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The difficulties of getting off adderall


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This is a well done article about how the stimulants suck people in and how difficult they are to get off of. The pattern with psych drugs is so evident  I wish the world would catch on: http://www.nytimes.com/2016/10/16/magazine/generation-adderall-addiction.html?rref=collection%2Fsectioncollection%2Fscience&action=click&contentCollection=science%C2%AEion=stream&module=stream_unit&vers


I didn't find coming off stimulants nearly as hard as benzos but the way they mess with your head is pretty intense.

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Good article MTfan.  Glad you were able to get off of them as well.  My son was diagnosed with ADHD and given Ritalin, which depressed him and then Adderall, which did nothing.  He was only on them a short time, thank goodness.  After he became depressed on the Ritalin, the doctor wanted to put him on Prozac and he was only 14 years old!  :tickedoff:
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He dodged a bullet by having bad reactions so he wasn't left on them. Congrats by the way for jumping off klonopin!


This article was also good: https://www.scientificamerican.com/article/big-pharma-s-manufactured-epidemic-the-misdiagnosis-of-adhd/


Big Pharma’s Manufactured Epidemic: The Misdiagnosis of ADHD


  By Gareth Cook


According to the American Psychiatric Association, about 5 percent of American children suffer from Attention Deficit Hyperactivity Disorder (ADHD), yet the diagnosis is given to some 15 percent of American children, many of whom are placed on powerful drugs with lifelong consequences. This is the central fact of the journalist Alan Schwarz’s new book, ADHD Nation. Explaining this fact—how it is that perhaps two thirds of the children diagnosed with ADHD do not actually suffer from the disorder—is the book’s central mystery. The result is a damning indictment of the pharmaceutical industry, and an alarming portrait of what is being done to children in the name of mental health.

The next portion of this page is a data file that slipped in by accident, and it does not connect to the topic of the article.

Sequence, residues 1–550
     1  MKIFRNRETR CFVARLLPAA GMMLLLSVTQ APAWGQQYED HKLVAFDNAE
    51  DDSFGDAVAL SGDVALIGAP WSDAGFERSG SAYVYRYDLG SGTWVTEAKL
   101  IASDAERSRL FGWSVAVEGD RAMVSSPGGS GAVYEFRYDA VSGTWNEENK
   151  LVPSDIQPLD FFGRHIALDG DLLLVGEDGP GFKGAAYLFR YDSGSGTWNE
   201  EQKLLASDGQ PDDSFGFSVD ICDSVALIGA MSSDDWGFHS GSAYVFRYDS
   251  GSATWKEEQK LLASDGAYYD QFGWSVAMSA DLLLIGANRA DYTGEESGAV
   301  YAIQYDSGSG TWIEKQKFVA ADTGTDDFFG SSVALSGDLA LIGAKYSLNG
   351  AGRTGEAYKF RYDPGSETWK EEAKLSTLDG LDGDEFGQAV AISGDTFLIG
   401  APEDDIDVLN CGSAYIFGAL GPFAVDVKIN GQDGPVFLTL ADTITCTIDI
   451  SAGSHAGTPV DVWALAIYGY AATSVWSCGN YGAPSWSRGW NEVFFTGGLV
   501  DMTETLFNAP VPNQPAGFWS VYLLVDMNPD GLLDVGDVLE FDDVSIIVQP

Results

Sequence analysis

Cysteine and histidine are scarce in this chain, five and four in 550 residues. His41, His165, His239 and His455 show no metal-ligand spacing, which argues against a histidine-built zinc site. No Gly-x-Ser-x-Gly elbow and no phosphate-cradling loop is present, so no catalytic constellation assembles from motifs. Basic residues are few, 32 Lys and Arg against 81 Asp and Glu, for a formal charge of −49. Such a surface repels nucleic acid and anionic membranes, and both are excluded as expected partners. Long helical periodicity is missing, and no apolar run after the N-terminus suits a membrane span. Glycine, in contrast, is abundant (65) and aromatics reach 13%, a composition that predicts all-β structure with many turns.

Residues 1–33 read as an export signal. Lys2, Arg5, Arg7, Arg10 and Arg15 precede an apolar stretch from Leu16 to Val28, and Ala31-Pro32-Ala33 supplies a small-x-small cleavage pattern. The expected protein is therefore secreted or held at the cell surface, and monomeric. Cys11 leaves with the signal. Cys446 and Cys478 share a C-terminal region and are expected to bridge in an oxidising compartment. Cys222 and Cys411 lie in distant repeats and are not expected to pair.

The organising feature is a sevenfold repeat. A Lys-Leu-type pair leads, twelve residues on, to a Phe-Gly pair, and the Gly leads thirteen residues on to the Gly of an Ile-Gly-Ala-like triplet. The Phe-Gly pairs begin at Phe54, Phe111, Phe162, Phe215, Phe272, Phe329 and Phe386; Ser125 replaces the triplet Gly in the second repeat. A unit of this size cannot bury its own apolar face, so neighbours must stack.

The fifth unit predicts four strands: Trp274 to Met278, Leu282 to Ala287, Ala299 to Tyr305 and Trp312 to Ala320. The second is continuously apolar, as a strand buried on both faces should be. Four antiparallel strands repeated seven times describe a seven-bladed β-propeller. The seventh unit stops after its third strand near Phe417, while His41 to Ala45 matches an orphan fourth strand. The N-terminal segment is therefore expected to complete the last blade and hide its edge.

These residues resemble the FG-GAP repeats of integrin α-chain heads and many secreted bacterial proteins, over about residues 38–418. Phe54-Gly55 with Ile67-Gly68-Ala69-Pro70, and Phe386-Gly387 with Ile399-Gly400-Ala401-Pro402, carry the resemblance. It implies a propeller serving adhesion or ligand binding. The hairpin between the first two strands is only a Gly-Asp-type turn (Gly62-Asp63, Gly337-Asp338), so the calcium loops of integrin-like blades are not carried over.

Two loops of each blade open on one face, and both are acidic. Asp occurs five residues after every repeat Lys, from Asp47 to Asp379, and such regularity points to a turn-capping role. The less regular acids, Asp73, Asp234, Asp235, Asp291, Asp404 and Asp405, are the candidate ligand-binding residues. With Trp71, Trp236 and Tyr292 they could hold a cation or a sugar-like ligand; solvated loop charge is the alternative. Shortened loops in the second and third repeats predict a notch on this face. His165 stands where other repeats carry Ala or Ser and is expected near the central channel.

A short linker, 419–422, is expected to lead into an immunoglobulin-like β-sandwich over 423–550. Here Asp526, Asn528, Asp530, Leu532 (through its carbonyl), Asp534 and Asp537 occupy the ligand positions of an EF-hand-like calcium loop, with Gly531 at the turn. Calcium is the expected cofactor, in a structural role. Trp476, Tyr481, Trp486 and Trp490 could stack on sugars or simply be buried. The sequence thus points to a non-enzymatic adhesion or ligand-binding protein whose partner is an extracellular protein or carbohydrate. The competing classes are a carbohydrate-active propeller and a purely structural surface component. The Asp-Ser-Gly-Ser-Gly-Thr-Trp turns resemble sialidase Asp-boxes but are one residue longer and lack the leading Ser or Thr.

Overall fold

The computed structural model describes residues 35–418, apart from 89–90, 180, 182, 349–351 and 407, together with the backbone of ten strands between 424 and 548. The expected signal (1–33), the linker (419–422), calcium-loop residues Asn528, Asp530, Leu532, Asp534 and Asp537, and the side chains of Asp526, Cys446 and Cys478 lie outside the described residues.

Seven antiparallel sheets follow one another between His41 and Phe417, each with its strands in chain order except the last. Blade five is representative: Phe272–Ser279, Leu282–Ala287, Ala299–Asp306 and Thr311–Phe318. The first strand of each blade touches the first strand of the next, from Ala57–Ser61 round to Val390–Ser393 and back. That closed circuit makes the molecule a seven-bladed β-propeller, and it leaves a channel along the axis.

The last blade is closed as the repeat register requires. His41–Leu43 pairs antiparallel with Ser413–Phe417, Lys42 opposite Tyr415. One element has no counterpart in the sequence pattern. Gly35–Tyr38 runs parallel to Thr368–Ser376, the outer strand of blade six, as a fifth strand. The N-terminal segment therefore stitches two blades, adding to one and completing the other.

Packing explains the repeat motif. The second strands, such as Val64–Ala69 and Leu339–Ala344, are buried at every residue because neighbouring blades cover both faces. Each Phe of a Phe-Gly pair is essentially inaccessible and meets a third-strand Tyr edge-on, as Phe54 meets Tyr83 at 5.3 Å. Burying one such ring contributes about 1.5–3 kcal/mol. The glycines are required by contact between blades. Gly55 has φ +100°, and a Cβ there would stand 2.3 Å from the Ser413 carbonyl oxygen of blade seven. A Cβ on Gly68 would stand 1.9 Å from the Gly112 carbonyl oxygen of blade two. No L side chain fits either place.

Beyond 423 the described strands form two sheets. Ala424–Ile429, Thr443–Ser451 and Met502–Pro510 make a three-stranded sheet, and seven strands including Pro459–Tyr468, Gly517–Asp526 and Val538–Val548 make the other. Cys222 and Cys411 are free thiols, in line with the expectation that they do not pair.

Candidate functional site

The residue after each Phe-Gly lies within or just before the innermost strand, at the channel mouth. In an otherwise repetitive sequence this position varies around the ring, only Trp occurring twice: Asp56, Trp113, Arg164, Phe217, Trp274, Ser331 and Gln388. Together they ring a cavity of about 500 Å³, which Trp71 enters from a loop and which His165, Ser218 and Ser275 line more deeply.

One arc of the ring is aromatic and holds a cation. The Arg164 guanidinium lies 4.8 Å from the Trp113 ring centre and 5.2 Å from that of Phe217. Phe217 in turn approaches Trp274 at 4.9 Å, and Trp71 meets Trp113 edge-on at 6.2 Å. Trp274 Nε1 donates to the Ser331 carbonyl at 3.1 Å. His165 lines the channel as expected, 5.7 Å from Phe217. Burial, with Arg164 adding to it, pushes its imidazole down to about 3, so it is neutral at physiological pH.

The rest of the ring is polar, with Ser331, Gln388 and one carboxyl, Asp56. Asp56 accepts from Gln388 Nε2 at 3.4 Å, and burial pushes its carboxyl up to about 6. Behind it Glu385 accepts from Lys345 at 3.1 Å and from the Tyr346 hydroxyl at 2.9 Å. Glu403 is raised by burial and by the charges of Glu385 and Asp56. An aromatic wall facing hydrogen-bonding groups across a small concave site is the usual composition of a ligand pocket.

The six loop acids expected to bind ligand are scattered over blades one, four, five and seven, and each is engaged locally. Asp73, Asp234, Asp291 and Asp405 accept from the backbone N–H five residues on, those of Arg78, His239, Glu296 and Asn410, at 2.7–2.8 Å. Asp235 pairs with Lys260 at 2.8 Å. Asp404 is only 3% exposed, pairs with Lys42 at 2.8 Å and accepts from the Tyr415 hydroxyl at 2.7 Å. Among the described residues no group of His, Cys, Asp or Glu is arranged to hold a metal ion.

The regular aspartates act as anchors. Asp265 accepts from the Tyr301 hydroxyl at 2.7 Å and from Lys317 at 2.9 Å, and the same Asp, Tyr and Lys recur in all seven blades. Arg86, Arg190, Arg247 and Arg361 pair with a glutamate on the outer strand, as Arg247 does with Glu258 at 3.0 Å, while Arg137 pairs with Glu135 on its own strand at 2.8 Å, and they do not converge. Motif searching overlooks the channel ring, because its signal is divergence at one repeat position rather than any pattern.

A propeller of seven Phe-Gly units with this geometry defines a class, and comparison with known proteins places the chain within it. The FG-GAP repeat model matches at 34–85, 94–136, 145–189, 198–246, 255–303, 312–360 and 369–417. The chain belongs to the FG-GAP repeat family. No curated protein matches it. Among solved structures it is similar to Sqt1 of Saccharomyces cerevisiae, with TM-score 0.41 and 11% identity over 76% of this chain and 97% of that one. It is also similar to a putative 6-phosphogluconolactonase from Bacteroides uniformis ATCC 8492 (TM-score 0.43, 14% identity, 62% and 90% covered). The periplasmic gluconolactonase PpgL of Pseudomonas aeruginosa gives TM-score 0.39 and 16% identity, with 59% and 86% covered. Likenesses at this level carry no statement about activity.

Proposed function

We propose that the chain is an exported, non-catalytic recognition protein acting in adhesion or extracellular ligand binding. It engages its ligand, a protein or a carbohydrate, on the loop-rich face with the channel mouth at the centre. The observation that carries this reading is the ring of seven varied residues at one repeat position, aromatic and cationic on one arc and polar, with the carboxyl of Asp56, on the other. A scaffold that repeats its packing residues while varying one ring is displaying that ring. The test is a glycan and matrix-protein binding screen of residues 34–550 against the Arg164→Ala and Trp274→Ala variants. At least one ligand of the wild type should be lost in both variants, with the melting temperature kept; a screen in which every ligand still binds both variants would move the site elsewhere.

What prompted you to write this book?

In 2011, having spent four years exposing the dangers of concussions in the National Football League and youth sports for The New York Times, I wanted another project. I had heard that high school students in my native Westchester County (just north of New York City) were snorting Adderall before the S.A.T.'s to focus during the test. I was horrified and wanted to learn more. I saw it not as a "child psychiatry" story, and not as a "drug abuse" story, but one about academic pressure and the demands our children feel they're under.


When I looked deeper, it was obvious that our nationwide system of ADHD treatment was completely scattershot—basically, many doctors were merely prescribing with little thought into whether a kid really had ADHD or not, and then the pills would be bought and sold among students who had no idea what they were messing with. I asked the ADHD and child-psychiatry establishment about this, and they denied it was happening. They denied that there were many false diagnoses. They denied that teenagers were buying and selling pills. They denied that the national diagnosis rates reported by the C.D.C.—then 9.5 percent of children aged 4-17, now 11 percent and still growing—were valid. They basically denied that anything about their world was malfunctioning at all. In the end, they doth protest too much. I wrote about 10 front-page stories for The New York Times on the subject from 2012-2014.

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Thanks MTfan  :)  I'm proud to be off the benzos and hopeful that I will heal in time.


Amazing how big pharma pushes drugs for even children, who might not even need them or perhaps, benefit from other kinds of help...ugh!

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